4 Quirky Dining Habits You Have If You're Pinoy
The second one is something even celebs and socialites love to do.
Filipinos are famous for their festive food culture, and with that love for eating come a lot of quirks. The next time you’re at the dinner table, check out which of these habits you and your family have:
Eating all the carbs
Pinoys can make almost anything into ulam, pairing all sorts of food with their choice of carbs. Sometimes, even the ulam is carbs! We eat pancit sandwiches, pancit on rice, and potatoes on rice. Our desserts are infamously carb-y, from puto and sapin-sapin, to pichi-pichi and everything in between. Even our non-silog breakfast options aren’t carb-free. Who doesn’t love champorado in the morning, anyway?
Eating using your bare hands
Who needs all those utensils when you’ve got a perfectly good pair growing out of your arms? The Philippines is the land of kamayan dining, and for good reason: It’s just more fun to eat with your hands.
And everyone, including celebs and socialites, knows the joy of kamayan. As TV personality Boy Abunda puts it in the following video, “I think we enjoy kamayan dahil tayo yun eh. (I think we enjoy eating with our hands because it’s part of our identity.)”
The video shows something else that kamayan is able to do: It can somehow break the ice and encourage people to let their guard down. Along with Boy Abunda, celebrities AiAi Delas Alas, Neri Miranda, Tessa Prieto-Valdes, Drew Arellano, Bianca Gonzalez, LA Tenorio, and James Deakin relax more and more as the sumptuous meal by Chef JP Anglo progresses. Eating with your hands can bring a more light and casual air to even the poshest of settings.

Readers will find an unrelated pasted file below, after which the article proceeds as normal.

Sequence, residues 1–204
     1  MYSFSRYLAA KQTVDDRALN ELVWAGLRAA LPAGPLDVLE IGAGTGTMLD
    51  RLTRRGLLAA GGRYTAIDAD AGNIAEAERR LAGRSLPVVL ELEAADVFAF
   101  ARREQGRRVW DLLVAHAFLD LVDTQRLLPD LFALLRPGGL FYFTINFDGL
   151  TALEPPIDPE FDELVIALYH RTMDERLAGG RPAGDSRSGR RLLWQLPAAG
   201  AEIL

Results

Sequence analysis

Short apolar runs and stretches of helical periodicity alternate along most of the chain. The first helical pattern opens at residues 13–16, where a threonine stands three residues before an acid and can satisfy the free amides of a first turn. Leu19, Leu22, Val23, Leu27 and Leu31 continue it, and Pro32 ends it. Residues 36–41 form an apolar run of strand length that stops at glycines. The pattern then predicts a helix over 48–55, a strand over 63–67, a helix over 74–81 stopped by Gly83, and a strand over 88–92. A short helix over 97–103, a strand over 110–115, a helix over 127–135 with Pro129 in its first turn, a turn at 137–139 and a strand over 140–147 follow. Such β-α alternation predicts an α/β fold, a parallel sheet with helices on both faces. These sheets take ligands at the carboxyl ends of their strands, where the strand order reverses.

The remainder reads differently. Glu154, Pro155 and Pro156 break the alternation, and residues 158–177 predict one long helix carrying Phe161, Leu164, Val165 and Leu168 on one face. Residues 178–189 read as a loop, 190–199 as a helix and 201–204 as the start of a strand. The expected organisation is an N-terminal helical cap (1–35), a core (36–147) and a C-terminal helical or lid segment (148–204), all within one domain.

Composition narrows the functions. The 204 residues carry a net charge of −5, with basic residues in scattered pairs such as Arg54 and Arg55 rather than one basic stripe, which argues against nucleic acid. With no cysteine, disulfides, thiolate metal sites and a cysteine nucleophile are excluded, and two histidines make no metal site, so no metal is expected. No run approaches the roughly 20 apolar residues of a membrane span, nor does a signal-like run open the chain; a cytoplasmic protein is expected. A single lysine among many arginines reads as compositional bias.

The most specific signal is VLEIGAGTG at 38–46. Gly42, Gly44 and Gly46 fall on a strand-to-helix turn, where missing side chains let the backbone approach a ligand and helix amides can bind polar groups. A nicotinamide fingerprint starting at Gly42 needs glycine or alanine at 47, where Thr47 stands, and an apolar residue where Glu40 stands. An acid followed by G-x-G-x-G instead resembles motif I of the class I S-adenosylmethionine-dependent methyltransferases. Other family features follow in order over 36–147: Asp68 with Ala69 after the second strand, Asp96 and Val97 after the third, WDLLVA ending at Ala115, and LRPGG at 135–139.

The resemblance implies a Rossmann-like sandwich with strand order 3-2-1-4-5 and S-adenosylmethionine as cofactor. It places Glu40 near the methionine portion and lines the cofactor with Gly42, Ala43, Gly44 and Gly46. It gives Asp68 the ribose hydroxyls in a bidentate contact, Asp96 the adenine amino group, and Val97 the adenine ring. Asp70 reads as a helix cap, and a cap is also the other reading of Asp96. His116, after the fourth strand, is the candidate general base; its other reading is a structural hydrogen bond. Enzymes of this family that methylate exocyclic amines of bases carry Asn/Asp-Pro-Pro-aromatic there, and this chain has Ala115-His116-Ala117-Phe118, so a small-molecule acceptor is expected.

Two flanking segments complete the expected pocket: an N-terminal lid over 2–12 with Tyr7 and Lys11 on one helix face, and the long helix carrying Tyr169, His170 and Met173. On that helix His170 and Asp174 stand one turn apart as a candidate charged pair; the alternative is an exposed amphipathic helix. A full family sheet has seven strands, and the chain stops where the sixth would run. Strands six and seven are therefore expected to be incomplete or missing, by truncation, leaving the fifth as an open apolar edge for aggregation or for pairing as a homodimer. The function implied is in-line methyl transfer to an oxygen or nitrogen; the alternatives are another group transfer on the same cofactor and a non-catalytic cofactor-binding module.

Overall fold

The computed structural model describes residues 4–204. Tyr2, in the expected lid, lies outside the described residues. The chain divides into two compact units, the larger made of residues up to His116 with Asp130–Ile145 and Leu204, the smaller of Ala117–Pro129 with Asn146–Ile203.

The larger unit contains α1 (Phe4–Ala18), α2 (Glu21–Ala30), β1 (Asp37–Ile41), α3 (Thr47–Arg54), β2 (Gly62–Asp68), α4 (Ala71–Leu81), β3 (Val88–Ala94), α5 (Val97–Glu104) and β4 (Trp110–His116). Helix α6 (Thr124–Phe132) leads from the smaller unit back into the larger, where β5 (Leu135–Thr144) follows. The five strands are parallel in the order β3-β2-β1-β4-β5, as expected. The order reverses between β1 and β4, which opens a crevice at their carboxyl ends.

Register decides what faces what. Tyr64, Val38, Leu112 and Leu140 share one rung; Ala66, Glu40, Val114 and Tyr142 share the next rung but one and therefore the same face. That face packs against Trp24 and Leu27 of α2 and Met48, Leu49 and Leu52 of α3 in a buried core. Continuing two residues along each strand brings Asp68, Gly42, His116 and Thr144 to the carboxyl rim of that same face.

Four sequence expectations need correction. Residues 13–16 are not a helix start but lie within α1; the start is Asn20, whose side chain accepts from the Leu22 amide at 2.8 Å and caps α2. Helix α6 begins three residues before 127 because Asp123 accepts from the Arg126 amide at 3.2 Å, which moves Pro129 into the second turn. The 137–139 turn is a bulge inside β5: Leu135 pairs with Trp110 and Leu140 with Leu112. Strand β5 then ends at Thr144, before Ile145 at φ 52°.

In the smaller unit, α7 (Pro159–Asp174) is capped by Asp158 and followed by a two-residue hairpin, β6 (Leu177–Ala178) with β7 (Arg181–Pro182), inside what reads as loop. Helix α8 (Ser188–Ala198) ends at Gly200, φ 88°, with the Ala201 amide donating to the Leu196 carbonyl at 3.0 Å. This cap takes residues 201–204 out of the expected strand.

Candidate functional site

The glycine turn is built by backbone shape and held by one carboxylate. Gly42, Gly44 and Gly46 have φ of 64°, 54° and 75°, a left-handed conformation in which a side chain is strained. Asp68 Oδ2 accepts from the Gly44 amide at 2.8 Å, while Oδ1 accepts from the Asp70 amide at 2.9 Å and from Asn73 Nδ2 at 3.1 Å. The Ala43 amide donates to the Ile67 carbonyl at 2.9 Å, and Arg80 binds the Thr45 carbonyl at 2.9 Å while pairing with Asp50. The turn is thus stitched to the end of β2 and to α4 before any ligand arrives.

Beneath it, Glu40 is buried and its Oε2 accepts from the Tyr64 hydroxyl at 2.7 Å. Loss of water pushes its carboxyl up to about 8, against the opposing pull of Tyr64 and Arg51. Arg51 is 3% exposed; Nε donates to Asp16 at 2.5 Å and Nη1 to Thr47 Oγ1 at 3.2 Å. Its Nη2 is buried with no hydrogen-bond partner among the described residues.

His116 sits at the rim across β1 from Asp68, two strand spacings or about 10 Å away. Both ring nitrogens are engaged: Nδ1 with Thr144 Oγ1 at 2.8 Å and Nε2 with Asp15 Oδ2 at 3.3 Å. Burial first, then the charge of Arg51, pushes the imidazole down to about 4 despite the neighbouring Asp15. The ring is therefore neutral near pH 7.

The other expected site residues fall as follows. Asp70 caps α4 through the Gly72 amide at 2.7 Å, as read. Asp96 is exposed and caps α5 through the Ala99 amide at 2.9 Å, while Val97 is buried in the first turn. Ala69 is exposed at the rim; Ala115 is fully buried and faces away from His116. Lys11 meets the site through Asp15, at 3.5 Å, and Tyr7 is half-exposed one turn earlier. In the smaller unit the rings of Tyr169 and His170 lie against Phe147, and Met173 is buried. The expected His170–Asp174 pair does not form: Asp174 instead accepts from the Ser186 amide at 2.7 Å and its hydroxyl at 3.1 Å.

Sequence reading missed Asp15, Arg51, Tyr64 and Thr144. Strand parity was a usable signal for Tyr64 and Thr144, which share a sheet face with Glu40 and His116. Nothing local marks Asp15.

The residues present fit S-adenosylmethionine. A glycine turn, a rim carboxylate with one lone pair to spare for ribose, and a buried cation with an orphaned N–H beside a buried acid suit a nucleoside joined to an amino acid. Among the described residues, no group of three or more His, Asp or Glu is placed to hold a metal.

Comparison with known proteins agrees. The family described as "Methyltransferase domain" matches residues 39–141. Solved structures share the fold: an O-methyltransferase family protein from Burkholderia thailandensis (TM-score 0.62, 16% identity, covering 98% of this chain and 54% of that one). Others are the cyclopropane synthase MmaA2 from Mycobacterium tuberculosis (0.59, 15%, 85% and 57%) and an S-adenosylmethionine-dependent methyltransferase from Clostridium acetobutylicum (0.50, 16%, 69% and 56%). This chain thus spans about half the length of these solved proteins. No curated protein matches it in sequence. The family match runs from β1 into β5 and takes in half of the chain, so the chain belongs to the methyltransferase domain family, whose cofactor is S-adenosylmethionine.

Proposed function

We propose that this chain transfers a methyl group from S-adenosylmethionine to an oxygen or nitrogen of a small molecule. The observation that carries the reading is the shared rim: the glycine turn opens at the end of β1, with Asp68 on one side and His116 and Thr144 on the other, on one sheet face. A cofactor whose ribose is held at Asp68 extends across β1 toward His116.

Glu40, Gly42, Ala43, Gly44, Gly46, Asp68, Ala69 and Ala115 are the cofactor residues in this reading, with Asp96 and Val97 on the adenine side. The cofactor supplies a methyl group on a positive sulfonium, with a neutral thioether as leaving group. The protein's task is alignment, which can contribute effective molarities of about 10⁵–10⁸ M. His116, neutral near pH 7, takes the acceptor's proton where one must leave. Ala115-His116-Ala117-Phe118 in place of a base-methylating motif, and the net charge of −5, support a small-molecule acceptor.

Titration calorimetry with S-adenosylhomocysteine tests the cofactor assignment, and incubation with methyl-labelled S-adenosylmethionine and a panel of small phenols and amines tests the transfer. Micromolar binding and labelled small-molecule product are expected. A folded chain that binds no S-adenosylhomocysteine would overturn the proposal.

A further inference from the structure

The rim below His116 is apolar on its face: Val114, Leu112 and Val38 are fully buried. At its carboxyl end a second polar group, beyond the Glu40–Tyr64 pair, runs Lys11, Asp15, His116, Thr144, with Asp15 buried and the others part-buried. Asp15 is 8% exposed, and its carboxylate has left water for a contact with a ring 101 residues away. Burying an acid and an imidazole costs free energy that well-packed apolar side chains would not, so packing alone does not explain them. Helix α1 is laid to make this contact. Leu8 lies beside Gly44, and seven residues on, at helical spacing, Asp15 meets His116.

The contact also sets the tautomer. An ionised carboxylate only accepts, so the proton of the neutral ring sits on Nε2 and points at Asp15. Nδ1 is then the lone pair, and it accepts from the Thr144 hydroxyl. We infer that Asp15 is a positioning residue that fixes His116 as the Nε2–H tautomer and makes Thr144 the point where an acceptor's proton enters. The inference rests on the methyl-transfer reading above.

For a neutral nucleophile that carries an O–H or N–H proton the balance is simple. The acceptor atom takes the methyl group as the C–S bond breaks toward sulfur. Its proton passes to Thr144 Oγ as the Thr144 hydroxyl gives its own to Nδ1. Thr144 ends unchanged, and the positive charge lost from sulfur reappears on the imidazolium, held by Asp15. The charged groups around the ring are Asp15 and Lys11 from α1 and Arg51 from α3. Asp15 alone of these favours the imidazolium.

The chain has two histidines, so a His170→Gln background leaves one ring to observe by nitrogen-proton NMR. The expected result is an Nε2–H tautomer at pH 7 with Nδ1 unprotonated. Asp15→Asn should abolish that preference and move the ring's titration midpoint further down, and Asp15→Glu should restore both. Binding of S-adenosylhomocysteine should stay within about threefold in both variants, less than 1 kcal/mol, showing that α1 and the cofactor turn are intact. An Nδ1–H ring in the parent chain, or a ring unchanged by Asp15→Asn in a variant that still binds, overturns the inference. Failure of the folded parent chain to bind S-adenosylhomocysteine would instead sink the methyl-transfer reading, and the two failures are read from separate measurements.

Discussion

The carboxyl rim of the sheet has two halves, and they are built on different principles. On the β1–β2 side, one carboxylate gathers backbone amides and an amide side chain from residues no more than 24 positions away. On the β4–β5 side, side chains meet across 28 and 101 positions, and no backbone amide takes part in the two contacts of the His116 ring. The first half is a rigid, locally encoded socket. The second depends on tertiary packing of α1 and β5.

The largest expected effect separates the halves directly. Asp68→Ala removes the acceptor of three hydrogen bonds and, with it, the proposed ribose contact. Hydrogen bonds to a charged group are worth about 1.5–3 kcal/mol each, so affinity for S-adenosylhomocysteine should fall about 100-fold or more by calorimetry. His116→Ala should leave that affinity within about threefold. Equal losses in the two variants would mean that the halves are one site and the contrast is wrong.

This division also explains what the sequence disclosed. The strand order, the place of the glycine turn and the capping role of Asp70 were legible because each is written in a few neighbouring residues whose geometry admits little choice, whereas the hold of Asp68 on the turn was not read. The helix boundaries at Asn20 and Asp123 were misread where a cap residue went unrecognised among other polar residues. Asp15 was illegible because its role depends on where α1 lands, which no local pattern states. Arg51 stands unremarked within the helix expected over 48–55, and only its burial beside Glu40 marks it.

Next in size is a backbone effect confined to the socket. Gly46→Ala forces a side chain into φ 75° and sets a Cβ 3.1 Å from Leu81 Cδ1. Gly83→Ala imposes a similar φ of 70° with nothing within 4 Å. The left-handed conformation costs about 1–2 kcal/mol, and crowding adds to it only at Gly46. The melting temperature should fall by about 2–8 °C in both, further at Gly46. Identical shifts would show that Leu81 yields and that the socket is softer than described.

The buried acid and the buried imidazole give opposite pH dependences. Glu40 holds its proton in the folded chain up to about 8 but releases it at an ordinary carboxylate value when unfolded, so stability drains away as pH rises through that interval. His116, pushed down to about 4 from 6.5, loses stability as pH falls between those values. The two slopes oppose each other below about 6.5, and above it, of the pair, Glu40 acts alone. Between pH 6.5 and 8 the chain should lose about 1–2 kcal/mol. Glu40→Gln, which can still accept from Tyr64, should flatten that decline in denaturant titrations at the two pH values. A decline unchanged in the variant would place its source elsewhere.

Of course, if you’re going to #GoKamayan, it’s probably a good idea to wash your hands with Safeguard first. Do yourself a favor and keep the germs and bacteria out of your system.
Leaving behind the “diyahe piece”
It has a lot of names: diyahe piece, shy piece, Pinoy piece, and piece of shame, to name a few—but no matter what you call it, every Filipino would know what you’re talking about. No one really knows why we never take the last morsel of food left on a shared dish; all we know is that it makes for some really awkward stares across the table.
Raise your hand if you’ve been guilty of taking half of that last bit left over, just so you can say you didn’t finish it all.
Pouring almost any liquid over rice
With all the liquids we mix into our rice, you’d think Pinoys are scared of eating anything dry. Practically anything is an easy target, so long as it’s fluid: gravy, patis, chicken oil, toyo, ketchup, egg yolks, and even chocolate.
When we cook our dishes, we always make sure there’s enough sauce to pour over the rice; and when we’re having soups like tinola and sinigang, you can bet that someone at the table’s going to pour the broth over the rice they’re eating, possibly to a point where the rice will be swimming in broth.